U.S. salary increase budgets remain historically low, but projections for 2011 show a modest increase, according to The Conference Board annual salary increase budgets survey report, released July 13, 2010. For the second straight year, the median salary increase budget in 2010 is 2.5 percent. Projections for 2011 show a modest increase to 3 percent.
Salary increase budgets refer to the pool of money that an organization dedicates to salary increases for the coming year. It is represented as a percentage of current payroll and calculated using a predetermined total percentage of base pay (excluding overtime, bonuses, etc.).
“This less-than-robust increase is an indication that the economic recovery has not yet picked up enough strength to significantly raise salary budgets to a level consistent with a healthy economy,” said Christopher Woock, human capital researcher at The Conference Board, a business membership and research association. “But the news is not all grim," he added. "There appears to be little risk of inflation eroding the real value of the increase.”
Across all industries, the 2011 forecast for salary increase budgets showed little variation, with no employee group in any industry projected to exceed the overall median of 3 percent.
The projections for 2011 salary increase budgets are up from the actual 2010 increases, according to the report. The largest year-over-year projected increases are in the diversified services industry—where the projected 2011 median salary increase budget is 0.5 to 3 percentage points higher than the actual 2010 budget—and in the diversified financial services industry—where the projected 2011 median salary increase budget is 0.5 or 0.63 percentage point higher than the actual 2010 budget. Among other sectors:
• The transportation industry is expected to have the lowest median salary increase budget for 2011—2.25 percent for exempt employees and executives.
• The insurance industry also is below the 3 percent median overall forecast increase for non-exempt salaried, exempt, and executives.
• The banking sector reported the lowest projected 2011 increase for non-exempt, hourly employees.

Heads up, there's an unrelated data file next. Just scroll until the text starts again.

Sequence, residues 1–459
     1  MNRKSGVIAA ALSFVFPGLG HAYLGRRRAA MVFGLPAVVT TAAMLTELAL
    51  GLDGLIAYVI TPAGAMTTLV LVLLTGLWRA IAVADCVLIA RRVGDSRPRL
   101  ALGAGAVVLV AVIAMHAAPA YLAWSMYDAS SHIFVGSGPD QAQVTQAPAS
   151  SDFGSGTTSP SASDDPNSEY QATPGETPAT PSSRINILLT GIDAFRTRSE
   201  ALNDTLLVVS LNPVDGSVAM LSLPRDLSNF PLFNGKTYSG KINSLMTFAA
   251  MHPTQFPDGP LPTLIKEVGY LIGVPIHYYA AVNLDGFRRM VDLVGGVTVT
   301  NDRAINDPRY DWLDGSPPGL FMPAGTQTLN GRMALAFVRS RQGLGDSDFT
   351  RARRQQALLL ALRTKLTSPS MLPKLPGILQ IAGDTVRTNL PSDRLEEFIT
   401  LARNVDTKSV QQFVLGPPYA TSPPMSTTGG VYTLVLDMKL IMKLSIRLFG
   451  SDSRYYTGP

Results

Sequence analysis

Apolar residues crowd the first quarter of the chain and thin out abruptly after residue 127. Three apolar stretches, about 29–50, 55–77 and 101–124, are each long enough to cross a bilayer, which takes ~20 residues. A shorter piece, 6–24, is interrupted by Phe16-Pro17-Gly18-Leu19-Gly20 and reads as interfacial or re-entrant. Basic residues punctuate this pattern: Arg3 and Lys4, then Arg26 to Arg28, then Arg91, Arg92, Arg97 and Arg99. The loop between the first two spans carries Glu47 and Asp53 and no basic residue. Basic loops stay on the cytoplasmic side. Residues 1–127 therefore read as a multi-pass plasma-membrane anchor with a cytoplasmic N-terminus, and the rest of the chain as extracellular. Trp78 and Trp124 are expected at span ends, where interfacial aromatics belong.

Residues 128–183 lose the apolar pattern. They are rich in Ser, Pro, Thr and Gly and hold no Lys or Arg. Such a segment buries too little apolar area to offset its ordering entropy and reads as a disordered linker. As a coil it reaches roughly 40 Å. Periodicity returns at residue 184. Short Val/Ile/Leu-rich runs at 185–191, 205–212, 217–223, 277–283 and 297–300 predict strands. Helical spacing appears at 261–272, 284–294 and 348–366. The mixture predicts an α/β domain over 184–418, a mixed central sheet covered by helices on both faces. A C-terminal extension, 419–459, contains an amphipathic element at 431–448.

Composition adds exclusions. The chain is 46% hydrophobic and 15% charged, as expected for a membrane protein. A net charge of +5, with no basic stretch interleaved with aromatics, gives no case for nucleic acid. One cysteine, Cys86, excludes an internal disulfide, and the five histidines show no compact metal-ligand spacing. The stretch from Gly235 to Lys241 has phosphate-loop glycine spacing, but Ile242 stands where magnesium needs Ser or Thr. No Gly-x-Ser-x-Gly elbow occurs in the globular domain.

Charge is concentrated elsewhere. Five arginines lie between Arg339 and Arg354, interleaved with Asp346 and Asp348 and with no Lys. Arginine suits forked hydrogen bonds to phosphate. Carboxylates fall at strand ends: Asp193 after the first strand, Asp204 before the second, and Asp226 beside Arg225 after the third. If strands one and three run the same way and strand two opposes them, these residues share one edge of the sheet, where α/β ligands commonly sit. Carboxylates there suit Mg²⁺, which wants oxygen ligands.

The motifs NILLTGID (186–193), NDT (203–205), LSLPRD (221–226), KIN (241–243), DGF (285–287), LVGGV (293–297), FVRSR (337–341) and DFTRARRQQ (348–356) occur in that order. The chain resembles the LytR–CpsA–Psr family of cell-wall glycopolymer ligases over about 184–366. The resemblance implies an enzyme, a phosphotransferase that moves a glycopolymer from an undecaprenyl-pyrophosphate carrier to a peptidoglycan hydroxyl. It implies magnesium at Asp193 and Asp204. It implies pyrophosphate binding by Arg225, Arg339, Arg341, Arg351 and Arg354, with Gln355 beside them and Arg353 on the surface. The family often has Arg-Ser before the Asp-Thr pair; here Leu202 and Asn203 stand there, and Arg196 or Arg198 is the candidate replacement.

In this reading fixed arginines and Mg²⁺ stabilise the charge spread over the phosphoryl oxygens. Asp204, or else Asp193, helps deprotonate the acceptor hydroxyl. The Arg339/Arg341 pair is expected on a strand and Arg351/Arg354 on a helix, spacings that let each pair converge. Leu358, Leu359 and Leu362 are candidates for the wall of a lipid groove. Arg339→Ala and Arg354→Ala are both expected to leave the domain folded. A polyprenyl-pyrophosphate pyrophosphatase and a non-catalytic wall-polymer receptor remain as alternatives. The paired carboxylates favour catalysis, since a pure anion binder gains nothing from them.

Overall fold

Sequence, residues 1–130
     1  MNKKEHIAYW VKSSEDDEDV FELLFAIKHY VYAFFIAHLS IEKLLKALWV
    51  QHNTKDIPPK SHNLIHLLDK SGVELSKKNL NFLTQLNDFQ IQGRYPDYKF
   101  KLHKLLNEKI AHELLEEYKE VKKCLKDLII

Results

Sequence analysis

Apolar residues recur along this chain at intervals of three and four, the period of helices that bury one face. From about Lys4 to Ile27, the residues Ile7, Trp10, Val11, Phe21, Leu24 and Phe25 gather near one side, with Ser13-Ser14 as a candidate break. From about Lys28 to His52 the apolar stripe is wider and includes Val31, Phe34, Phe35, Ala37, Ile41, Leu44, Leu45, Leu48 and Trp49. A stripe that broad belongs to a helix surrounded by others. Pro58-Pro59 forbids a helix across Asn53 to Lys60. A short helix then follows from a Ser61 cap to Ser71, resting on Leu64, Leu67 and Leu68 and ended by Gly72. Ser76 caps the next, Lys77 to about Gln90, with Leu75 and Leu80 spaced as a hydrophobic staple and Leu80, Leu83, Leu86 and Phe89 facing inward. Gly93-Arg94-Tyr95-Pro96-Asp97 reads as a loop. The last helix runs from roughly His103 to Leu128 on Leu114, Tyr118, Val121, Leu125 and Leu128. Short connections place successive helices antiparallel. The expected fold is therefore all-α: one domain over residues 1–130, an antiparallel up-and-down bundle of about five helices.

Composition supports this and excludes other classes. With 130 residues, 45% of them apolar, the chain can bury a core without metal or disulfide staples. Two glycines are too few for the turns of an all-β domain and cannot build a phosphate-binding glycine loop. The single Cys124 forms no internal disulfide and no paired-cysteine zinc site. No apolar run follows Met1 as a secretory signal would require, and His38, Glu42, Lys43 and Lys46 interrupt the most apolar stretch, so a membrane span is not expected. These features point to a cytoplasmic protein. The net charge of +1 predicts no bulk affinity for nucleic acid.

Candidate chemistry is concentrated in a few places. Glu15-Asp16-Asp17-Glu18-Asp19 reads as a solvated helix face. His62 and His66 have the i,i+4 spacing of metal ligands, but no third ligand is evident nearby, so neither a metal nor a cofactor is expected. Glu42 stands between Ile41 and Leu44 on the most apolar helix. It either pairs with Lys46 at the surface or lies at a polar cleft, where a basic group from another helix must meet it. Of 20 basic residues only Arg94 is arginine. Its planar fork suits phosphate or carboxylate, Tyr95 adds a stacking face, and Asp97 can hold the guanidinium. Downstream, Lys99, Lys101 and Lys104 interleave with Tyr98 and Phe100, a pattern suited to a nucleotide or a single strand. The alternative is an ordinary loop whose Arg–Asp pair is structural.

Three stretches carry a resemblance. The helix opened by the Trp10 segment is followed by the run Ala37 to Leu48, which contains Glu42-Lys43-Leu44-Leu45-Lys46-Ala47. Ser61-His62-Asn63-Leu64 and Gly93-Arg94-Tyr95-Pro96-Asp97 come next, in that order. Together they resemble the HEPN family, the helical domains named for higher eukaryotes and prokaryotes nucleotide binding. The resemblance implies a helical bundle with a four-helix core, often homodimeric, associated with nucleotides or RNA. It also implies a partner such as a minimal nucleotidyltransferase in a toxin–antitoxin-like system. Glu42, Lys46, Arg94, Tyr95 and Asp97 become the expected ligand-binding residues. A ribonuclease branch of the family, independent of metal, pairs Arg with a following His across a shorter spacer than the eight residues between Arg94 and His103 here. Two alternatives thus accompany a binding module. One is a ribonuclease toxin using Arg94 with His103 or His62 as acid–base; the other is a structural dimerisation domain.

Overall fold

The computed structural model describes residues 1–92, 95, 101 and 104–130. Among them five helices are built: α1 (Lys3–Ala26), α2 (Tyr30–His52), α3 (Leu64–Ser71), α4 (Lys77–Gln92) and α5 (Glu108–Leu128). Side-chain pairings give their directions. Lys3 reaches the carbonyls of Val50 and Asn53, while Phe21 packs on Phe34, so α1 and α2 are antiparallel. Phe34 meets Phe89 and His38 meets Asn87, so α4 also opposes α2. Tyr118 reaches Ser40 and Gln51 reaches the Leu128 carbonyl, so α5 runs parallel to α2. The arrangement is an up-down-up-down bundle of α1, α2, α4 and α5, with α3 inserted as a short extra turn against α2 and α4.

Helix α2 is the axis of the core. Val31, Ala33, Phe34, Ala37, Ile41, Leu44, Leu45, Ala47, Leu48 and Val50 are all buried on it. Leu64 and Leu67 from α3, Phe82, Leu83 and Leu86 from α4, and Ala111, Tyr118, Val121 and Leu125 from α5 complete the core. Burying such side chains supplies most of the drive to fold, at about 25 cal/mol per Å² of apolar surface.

More Pay for Performance
Pay for performance continues to be the common approach for the allocation of salary increase budgets as companies remain focused on high-performing employees and growth businesses. While most companies have not budgeted general increases, overall merit increase percentages for 2010 actual and 2011 projected budgets mirror the trend of those of total increases.
The information for the report was gathered from 313 U.S. companies surveyed April 7-30, 2010.
Forecast: Imminent Growth Slowdown in the U.S.
"As the rebound effects from the recession have almost entirely dissipated, a growth slowdown starting in the summer of 2010 is becoming increasingly apparent," says Bart van Ark, chief economist at The Conference Board.
Gross domestic product (GDP) growth for the second quarter of 2010 "might turn out to be the highest for the year, and even here there is a downside risk of the consumer data coming in lower than currently forecasted, despite an uptick in April (and March)," according to van Ark. There are no signs of a “double dip” recession, however, he notes, as The Conference Board Leading Economic Index for the United States points to continued, though slower growth for the rest of this year.
"Weak consumer confidence, slow job growth and flat confidence levels among CEOs, just to mention some of the latest data points, all support the slow growth scenario," according to van Ark. "We also find that there has been a significant re-pricing of credit risk suggesting that financial markets are also weighing lower growth prospects. "Altogether we expect GDP growth in a range of 1.5 to 2 percent in the second half as a result of slow consumer spending, weaker investment growth and a significant cutback in government spending."
Stephen Miller is an online editor/manager for SHRM.
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